KWM (Bill) Fulford is a Fellow of St Catherine’s College and Member of the Philosophy Faculty, University of Oxford; and Emeritus Professor of Philosophy and Mental Health, University of Warwick Medical School. His previous posts include Honorary Consultant Psychiatrist, University of Oxford, and Special Adviser for Values-Based Practice in the Department of Health. Bill has led on a number of key academic and administrative developments in the philosophy of psychiatry and has published widely in this field, including Moral Theory and Medical Practice and co-authoring The Oxford Textbook of Philosophy and Psychiatry. He is Lead Editor for the Oxford book series International Perspectives in Philosophy and Psychiatry, and Founder and Co-editor with John Sadler of the international journal Philosophy, Psychiatry, & Psychology (PPP), which he founded in 1993. His recent publications include the launch volume for a book series from Cambridge University Press on Values-based Practice - Fulford, KWM, Peile, EP and Carroll, H., Essential Values-based Practice: Clinical Stories Linking Science with People (2012, Cambridge University Press). He is the lead editor for the Oxford Handbook of Philosophy and Psychiatry (published 2013).

Professor David M Clark


Professor Clark’s research focuses on cognitive approaches to anxiety disorders, and integrates experimental and clinical studies. This work has led to the development of new cognitive therapy programmes for a range of anxiety disorders, which have been endorsed by the National Institute for Health and Care Excellence...more

Professor Nancy Nyquist Potter


Professor Potter is an expert in the field of philosophy and psychiatry and serves on the Executive Council of the Association for the Advancement of Philosophy and Psychiatry. Her current interests concern the relationship between voice, silencing, and uptake for patients living with mental illness...more

Professor Matthew Ratcliffe


Professor Ratcliffe is Professor for Theoretical Philosophy at the University of Vienna, Austria. Most of his recent work addresses issues in phenomenology, philosophy of mind, and philosophy of psychiatry. He is author of Rethinking Commonsense Psychology: A Critique of Folk Psychology, Theory of Mind and Simulation (Palgrave, 2007), Feelings of Being: Phenomenology, Psychiatry and the Sense of Reality (Oxford University Press, 2008), Experiences of Depression: A Study in Phenomenology (Oxford University Press, 2015), and Real Hallucinations: Psychiatric Illness, Intentionality, and the Interpersonal World (MIT Press, 2017).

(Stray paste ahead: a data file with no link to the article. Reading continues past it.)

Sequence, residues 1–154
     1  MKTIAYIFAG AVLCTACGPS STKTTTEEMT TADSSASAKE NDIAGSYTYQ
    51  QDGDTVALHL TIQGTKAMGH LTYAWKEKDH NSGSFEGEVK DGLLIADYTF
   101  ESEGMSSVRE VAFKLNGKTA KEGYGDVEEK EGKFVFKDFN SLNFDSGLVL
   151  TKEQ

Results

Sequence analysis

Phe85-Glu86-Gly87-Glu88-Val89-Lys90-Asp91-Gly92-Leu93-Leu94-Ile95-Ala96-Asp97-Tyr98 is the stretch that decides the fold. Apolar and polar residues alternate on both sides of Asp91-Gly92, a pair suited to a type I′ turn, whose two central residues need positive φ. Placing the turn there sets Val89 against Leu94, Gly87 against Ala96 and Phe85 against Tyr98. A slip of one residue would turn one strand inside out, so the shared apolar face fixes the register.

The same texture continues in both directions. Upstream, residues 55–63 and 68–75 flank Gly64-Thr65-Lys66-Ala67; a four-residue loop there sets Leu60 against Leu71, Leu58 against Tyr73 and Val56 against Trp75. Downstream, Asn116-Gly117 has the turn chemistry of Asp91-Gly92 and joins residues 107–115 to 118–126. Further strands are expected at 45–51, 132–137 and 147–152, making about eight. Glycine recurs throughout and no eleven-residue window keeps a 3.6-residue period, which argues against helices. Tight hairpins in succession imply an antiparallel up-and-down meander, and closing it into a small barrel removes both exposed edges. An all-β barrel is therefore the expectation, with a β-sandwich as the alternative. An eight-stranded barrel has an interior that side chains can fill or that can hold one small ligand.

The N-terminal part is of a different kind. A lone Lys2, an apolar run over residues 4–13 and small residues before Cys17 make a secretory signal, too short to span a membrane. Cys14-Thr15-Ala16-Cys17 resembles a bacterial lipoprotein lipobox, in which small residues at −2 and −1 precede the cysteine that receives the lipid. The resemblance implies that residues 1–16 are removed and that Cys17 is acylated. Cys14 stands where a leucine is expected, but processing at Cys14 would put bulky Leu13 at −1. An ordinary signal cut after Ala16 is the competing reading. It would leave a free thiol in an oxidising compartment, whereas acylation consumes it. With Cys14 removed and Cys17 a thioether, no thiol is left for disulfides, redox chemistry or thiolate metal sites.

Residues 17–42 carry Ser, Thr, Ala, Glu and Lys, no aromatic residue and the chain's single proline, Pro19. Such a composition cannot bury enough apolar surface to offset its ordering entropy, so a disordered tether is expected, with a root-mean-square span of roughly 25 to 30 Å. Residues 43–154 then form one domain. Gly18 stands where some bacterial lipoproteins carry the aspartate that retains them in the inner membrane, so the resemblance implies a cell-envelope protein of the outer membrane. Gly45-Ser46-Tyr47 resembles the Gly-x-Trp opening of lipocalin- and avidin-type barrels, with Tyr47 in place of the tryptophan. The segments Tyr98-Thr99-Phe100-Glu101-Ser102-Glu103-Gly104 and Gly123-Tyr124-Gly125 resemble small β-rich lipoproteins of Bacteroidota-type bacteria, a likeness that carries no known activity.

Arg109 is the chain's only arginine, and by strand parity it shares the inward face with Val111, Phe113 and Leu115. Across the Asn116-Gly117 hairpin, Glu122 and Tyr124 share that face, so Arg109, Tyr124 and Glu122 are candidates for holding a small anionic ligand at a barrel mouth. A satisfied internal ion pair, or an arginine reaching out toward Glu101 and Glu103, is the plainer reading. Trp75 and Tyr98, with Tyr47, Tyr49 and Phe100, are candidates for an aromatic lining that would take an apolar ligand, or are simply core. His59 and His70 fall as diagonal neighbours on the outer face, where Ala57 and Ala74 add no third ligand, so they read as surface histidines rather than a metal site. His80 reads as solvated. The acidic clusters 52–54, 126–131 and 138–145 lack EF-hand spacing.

Professor Jennifer Radden


Jennifer Radden is a Professor Emerita of Philosophy at the University of Massachusetts Boston. She received degrees in philosophy and psychology at Melbourne University and holds a doctorate from Oxford. She has published extensively on mental health concepts, the history of medicine, and ethical and policy aspects of psychiatric theory and practice. Her books include Madness and Reason (1986), Divided Minds and Successive Selves: Ethical Issues in Disorders of Identity and Personality (1996), Moody Minds Distempered: Essays on Melancholy and Depression (2009), and The Virtuous Psychiatrist: Character Ethics in Psychiatric Practice, co-authored with Dr John Sadler (2010), and On Delusion (2011), as well as two collections of which she was editor, The Nature of Melancholy (2000) and Oxford Companion to the Philosophy of Psychiatry (2004). Most recently, Melancholy Habits: Burton’s Anatomy for the Mind Sciences (Oxford University Press) was published in 2017.


Final numbers have now been given to the venue. Please email conferences@conted.ox.ac.uk if you would still like to attend and we will see if we can accommodate you.

Level and demands

This conference will appeal to a wide range of people with a professional and/or academic interest in the fields of philosophy and/or mental health.